We are wrapping up our discussion of a 6th Circuit Court of Appeals decision that the majority said would bring the circuit into line with the other federal appeals courts. It will not, according to critics. The decision adds another variation to the interpretation of what lawyers refer to as causation language in the Americans with Disabilities Act.
For quite some time, the circuits held that an employment decision based solely on a disability is a violation of the ADA. Over time, that “sole cause” theory lost ground to another test, the “motivating factor” test. Every circuit but the 6th has adopted the motivating factor test.
In our last post, we were talking about how to determine cause. If a disability is the sole cause of an employee’s termination, there can’t be anything else in the mix. If the disability has been an irritant, for example, and the employee can persuade the court that it was among the reasons for her discharge, then it’s a motivating factor. The law asks us to trace the events back in time to determine what or who is responsible for the harm to the plaintiff.
The ADA’s language does not make it clear how far back we should go to find the cause. It says merely that there is a violation if an employee action occurs “because of” the employee’s disability. Over time, the federal appeals courts have come to read that as requiring the disability to be a motivating factor — except the 6th Circuit, which now says the disability must be the “but for” cause for the action is a violation of the ADA.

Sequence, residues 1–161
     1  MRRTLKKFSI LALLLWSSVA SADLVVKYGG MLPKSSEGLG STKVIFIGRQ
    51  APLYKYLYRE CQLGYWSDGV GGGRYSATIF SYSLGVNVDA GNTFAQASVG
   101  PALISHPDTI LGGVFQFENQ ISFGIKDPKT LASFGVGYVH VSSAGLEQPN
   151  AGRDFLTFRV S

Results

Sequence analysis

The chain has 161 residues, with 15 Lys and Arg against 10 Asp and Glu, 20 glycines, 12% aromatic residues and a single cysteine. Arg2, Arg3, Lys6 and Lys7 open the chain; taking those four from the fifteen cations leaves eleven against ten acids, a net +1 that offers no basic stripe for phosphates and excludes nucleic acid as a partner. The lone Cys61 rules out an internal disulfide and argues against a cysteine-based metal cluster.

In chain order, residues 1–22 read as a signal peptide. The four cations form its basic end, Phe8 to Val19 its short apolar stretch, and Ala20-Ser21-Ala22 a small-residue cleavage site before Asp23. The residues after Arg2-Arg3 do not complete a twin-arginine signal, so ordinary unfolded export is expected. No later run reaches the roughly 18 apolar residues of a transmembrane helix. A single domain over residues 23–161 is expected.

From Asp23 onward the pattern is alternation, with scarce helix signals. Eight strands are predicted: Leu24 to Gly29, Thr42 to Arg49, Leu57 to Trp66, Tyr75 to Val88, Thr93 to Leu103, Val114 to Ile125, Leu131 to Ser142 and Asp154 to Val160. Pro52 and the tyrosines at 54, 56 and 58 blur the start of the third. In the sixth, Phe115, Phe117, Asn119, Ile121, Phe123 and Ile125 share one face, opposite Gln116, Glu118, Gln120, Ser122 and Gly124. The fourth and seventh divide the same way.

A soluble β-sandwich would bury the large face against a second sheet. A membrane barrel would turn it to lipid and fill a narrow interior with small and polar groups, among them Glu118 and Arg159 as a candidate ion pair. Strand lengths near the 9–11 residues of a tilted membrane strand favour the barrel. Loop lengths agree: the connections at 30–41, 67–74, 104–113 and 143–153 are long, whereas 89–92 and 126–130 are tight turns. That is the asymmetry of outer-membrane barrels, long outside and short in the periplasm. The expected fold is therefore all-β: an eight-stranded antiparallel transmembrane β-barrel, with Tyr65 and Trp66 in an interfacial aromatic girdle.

Of the 16 judges on the panel, seven dissented for a variety of reasons. The dissenting opinions scolded the majority for expressing the intention of aligning with other circuits only to introduce a different rule. One dissent pointed out that a “but for” test is tantamount to determining that the disability is the “cause in fact” — that is, the employment action would not have occurred without the disability. Instead of the disability being just one motivating factor, the disability will now have to be the most motivating factor. Given her disability and her alleged outburst, the plaintiff in this case would only prevail if the disability tipped the scales in favor of firing her.
In the end, the decision means that federal circuit courts no longer adhere to the “sole cause” reading of the ADA. The 6th Circuit is still the outlier with its “but for” rule.
Source: Thomson Reuters News & Insight, “6th Circuit shifts test for disability discrimination,” Terry Baynes, May 25, 2012